My Love-Hate Relationship with Creative Trends

Last week, I attended a seminar at Getty Images by trends expert Rebecca Swift discussing the biggest visual trends today. It is good to see that commercial photographers are creating work based on current technology trends and cultural shifts. For instance, how we are starting to see more of the point-of-view compositions which have been greatly influenced by the popularity of GoPro cameras and remote-controlled drones, and as a big step towards gender equality, there have also been more visual content celebrating today’s empowered women. 

However, the one thing that really struck me was how trends in the creative industry were still being predominantly led by consumer behaviour, with brands scrambling frantically to catch on when trends are formed – in the hope of “resonating” with their target audience. While that is, of course, a perfectly reasonable strategy to embrace, but as a creative, I can’t say that my relationship with trends have always been the most smooth sailing. 

A double-edged sword, or a safety blade? 

We all know the benefits of being a creative in the digital age: endless possibilities for creativity, an infinite canvas for expression and the power of technology. However, more often than not, the first thing we do after receiving a creative brief is to delve straight into our retina displays, in search for inspiration. After all, the Internet is so much a part of our lives that turning to it for our every solution seems like the most natural thing to.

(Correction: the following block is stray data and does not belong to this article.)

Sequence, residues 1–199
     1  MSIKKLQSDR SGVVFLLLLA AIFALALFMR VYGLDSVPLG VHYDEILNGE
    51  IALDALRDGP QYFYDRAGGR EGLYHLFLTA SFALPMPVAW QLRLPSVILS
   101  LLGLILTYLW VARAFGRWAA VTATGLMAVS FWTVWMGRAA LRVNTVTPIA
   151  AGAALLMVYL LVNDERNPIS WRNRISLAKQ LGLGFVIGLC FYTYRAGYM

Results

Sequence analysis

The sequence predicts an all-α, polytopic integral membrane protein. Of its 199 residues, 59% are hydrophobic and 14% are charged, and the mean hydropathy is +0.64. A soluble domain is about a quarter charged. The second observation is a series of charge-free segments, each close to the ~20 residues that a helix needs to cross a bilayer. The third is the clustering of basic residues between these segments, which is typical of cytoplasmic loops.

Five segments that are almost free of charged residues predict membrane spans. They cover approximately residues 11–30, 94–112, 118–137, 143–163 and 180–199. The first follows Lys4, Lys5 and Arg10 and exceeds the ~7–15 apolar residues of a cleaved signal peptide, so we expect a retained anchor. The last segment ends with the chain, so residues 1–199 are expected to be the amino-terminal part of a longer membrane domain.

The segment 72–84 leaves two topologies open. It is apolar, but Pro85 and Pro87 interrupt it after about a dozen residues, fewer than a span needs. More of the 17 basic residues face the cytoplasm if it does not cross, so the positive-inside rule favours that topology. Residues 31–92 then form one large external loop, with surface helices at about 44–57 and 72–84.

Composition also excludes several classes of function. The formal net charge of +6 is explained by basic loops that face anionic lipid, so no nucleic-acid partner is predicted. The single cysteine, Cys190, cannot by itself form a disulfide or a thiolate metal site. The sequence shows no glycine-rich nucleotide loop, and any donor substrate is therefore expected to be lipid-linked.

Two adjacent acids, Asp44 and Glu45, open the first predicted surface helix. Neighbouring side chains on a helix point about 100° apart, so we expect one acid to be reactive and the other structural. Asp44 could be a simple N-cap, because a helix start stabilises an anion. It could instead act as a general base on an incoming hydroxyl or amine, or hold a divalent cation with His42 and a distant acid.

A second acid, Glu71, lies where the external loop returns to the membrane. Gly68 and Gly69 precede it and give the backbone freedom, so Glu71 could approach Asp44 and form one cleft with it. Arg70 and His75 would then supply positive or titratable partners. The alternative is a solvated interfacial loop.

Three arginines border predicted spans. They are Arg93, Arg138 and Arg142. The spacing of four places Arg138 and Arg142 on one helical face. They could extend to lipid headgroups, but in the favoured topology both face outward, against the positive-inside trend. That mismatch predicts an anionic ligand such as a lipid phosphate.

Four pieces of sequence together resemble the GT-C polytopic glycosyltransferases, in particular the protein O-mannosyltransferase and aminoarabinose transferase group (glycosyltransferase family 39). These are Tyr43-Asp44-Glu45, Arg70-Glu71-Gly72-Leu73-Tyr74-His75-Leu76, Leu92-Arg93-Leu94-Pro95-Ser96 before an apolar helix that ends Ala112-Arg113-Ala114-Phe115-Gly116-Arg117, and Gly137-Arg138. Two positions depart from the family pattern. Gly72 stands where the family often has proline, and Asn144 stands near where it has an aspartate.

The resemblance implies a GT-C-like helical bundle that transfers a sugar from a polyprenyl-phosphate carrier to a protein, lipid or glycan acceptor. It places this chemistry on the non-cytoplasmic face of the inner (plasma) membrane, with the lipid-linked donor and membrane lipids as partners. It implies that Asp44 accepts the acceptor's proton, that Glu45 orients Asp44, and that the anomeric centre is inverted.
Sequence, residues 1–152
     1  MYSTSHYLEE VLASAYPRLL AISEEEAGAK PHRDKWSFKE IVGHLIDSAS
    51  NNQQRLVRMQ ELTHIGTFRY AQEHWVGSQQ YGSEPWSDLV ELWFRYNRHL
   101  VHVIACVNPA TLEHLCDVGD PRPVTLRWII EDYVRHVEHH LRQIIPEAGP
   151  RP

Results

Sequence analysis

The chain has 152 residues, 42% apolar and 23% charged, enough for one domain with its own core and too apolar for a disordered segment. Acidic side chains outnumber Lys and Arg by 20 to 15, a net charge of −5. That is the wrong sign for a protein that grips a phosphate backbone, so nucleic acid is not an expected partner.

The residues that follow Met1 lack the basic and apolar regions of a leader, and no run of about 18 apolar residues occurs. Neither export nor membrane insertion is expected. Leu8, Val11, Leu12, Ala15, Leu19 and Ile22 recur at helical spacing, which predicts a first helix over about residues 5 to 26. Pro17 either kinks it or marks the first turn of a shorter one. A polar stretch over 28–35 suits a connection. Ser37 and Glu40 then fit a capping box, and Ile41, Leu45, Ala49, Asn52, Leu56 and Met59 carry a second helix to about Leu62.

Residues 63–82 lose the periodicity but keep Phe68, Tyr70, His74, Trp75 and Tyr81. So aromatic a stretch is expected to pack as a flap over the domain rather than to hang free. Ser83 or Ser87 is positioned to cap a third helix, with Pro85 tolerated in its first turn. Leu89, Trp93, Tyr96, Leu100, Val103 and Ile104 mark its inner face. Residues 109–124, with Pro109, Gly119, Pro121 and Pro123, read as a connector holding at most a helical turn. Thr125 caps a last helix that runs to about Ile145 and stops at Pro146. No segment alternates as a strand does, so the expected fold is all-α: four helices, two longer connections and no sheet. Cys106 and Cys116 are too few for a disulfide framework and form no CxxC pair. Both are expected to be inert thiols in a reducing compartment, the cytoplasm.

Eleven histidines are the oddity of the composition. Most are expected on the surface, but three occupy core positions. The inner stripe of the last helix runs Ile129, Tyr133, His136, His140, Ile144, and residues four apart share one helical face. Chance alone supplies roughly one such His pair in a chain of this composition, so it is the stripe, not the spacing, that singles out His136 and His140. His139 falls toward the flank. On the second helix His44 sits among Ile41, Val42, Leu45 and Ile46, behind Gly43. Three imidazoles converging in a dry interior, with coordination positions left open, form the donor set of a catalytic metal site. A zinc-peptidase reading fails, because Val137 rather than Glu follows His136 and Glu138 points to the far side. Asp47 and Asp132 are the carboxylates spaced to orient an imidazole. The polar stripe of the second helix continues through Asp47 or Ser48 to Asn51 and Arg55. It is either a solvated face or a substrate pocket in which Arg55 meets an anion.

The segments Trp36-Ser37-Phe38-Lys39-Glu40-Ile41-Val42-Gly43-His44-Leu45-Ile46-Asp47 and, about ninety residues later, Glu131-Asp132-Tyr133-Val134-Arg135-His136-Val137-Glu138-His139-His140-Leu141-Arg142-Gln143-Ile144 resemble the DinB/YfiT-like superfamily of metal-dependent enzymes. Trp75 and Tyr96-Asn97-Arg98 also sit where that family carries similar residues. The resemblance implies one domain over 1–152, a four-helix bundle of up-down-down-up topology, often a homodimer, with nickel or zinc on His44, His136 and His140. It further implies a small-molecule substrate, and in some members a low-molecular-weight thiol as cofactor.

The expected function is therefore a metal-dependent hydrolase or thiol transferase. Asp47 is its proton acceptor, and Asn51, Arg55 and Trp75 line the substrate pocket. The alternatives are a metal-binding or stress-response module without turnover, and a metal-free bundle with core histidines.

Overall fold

Just not long ago, inspiration used to be something we stumbled upon, not something we set out to look for. Inspiration was found at the most unusual places through personal experiences, not through existing work, nor through the latest trends. As creatives, we crave for originality, yet are often being lured onto the bandwagon. We hope to grab attention, yet sometimes fall into the trap of doing what everyone else is doing. 

Well, of course there will always be a struggle between creating something we think the clients would accept versus something that is considered fresh and original. After all, the people behind the brands are consumers as well, and unless a new idea is really strong and ticks all their boxes, they would rather go with proven, surefire methods that have already been tried and tested. Quite frankly, who doesn’t want to be aesthetically associated with the likes of Apple and Nike?    

The boundaries have been drawn. Now what?

At the end of the day, in the midst of all these struggle, the starting point of all creatives should be the focus on evoking emotions and creating great experiences. How then, can we push boundaries in this creative landscape that is heavily led by trends? It is important to understand why trends exist (or why they fade so quickly), but it is also important to constantly challenge the status quo.

As visual communicators we must also never lose sight of the bigger picture that is the business and marketing strategy. The strategy acts as the perfect guideline and a thought starter, and it’s also something that helps keep us rooted. We are problem solvers, consultants and brand ambassadors. We help brands tell their stories and stay true to their personality. Therefore, it is equally crucial to put ourselves in both the clients’ shoes as it is to view from the eyes of the intended audience. 

Easier said than done, but here’s a note to the creatives (including myself): For the next brief that comes in, remember to 1) Shut down your silver machines, 2) Take a walk outside and 3) Don’t forget to bring that trusty notebook. 

Howie Wong is an Art Director at Acoustic

Follow Howie on Twitter @heyfloyd
Follow Acoustic @AcousticAgency

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[Main photo by Jackie.lck, under CC]



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